When Doctor Who returned to television in 2005, the companion characters played a slightly different role, partly due to a strong focus on the character of Rose Tyler and characters connected to her. For example, although Adam Mitchell was a companion by the standard definition, he appeared in only two episodes and was arguably a less significant part of the 2005 series than Rose's sometime boyfriend Mickey Smith, who was not technically a companion but appeared in five episodes (or six, including a brief appearance as a child in "Father's Day"). Mickey later gained full-fledged companion status when he travelled in the TARDIS in the 2006 episode "School Reunion". In that episode, Sarah Jane Smith referred to Rose as the Doctor's "assistant", a term to which the latter took offence. This exchange might be regarded as indicating the new series' shift in approach to the companion role. Adam was also far less significant than Rose's mother, Jackie Tyler, who was a frequently recurring character who travelled in the TARDIS, yet is not considered a companion.

As of the end of the sixth series, Sarah Jane Smith is the only classic era companion to have travelled again with the Doctor in the revived series, and one of two to have done so in the revived era. She declined his invitation in "School Reunion", but subsequently met up with the Doctor aboard a Dalek ship in "Journey's End" and travelled with him, several other companions, and Jackie Tyler in the TARDIS as they towed the Earth back to the solar system. Sarah Jane, her predecessor Jo Jones (née Grant), and their own respective companions subsequently momentarily travelled in the TARDIS with the Eleventh Doctor in The Sarah Jane Adventures serial, Death of the Doctor. The Eleventh Doctor attempted to have Brigadier Lethbridge-Stewart travel with him again in "The Wedding of River Song" only to learn of the Brigadier's death months earlier.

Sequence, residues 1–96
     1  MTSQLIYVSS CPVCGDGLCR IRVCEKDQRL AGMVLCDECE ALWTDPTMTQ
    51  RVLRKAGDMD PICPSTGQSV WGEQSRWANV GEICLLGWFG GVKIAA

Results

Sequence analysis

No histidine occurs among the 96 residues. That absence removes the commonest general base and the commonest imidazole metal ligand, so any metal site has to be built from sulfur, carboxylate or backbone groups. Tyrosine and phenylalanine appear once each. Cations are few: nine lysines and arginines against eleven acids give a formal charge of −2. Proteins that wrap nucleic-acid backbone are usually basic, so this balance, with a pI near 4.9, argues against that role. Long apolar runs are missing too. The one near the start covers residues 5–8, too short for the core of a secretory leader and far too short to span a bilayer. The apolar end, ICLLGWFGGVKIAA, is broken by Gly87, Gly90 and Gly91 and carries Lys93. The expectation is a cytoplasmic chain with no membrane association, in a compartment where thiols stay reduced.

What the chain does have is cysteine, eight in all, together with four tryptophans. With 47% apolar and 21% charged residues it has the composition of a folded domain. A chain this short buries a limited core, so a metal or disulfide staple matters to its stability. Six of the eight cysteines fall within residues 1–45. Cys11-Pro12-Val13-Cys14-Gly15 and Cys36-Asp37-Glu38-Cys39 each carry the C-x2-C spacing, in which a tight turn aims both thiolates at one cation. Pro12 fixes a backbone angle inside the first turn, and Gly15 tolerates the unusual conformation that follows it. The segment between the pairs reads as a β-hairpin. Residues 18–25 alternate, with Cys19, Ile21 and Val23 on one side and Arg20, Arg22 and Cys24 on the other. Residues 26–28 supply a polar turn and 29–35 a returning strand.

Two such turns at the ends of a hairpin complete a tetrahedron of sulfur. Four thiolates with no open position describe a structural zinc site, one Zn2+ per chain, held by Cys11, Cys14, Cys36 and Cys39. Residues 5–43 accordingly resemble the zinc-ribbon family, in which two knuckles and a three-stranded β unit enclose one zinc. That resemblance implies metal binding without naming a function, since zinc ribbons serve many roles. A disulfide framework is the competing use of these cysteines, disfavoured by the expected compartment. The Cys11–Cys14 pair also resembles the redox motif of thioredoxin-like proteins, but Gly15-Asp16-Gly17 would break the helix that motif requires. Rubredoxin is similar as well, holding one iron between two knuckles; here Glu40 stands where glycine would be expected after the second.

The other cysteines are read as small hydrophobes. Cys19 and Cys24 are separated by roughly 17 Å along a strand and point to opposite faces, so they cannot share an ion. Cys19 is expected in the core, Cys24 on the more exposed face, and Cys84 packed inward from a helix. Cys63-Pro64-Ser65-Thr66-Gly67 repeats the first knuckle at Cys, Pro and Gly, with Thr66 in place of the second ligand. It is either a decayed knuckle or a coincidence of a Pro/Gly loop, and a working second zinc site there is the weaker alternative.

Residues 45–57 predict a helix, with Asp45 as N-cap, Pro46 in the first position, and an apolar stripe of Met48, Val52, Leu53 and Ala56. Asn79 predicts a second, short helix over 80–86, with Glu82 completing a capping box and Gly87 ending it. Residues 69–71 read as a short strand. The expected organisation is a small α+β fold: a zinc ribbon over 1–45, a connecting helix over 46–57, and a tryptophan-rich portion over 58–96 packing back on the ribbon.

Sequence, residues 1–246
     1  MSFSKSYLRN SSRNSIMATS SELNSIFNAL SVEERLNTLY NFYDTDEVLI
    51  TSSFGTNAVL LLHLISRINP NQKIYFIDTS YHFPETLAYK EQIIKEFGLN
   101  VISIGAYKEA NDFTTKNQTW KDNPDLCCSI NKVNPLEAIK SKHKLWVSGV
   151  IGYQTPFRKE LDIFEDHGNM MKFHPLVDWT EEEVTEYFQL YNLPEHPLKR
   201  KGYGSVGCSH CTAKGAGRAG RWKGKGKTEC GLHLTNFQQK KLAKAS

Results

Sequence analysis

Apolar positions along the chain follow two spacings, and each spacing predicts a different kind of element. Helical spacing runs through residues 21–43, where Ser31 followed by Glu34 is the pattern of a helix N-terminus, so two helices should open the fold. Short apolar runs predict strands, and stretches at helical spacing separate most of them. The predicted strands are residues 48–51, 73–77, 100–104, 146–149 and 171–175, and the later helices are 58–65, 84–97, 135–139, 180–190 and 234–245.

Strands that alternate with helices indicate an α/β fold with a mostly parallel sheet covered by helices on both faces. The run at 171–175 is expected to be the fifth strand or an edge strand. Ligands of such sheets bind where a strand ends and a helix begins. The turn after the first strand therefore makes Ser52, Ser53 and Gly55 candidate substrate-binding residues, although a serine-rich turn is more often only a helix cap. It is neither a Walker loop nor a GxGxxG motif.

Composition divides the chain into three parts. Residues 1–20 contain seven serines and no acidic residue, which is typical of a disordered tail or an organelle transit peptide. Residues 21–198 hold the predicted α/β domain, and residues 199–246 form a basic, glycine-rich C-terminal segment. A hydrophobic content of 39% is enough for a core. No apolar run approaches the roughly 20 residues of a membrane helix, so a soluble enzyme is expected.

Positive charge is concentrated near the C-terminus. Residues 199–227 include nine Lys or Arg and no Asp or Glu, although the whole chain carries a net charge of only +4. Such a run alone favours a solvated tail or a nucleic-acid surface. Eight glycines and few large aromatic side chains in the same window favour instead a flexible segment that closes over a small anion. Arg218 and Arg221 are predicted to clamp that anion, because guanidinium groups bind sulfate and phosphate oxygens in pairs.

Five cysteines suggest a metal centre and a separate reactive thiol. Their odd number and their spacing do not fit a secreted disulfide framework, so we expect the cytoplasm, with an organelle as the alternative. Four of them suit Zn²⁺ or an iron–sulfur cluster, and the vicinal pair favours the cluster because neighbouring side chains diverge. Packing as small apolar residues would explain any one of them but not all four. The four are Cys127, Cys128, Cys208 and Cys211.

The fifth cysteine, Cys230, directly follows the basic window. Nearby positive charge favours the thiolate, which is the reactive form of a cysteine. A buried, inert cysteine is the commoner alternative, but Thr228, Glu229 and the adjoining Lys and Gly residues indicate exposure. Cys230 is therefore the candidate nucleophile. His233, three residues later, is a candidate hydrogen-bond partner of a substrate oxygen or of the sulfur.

In the classic era, companions' friends and families were rarely depicted, and almost all were kept unaware of the true nature of the Doctor and the TARDIS. Exceptions include the very brief portrayals of Susan's future husband David Campbell; Dodo Chaplet's ancestor Anne Chaplet; Victoria Waterfield's father Edward; Jo Grant's future husband Prof. Clifford Jones; the companions' various co-workers at UNIT; Leela's father Sole & future husband or lover Andred; Tegan Jovanka's aunt Vanessa, maternal grandfather Andrew Verney, & cousin Colin Frazer; Nyssa's father Tremas & step-mother Kassia; Vislor Turlough's maths teacher retired Lethbridge-Stewart; Peri Brown's step-father Prof. Howard Foster, & future husband King Yrcanos; Ace McShane's ex-lover Sabalom Glitz, maternal grandmother Kathleen Dudman, infant mother Audrey Dudman, & a photograph of her maternal grandfather Frank Dudman); and Brigadier Lethbridge-Stewart's second wife Doris. Classic era spin-off media additionally introduced Sarah Jane Smith's aunt Lavina Smith (who had been an unseen character in the original series) and foster brother Brendan Richards, and Brigadier Lethbridge-Stewart's daughter Kate (who would later become a recurring guest in the revived series) and grandson Gordon.

Conversely, families and friends of most companions in the revived era are extensively and continually depicted, and their adventures with the Doctor are generally not kept secret. The revived era has also featured a number of companions related to other companions by blood or marriage (Donna Noble's grandfather Wilfred Mott, Amy Pond's fiancé (later husband) Rory Williams, and the couple's daughter River Song; and former companions Mickey Smith and Martha Jones who married subsequent to their companionship). No such relationships occurred among companions in the classic era, although original companions Ian Chesterton and Barbara Wright are reported in the revived era to have married subsequent to their companionship, and Ben Jackson and Polly are likewise reported to be together. The families of some classic-era companions too have been depicted in the revived era, such as Jo Grant (n/k/a Jo Jones)'s grandson Santiago Jones; and Sarah Jane Smith's parents, adopted son Luke Smith, adopted daughter Sky Smith, and alternate timeline fiancé Peter Dalton; and Alistair Lethbridge-Stewart's daughter Kate Stewart.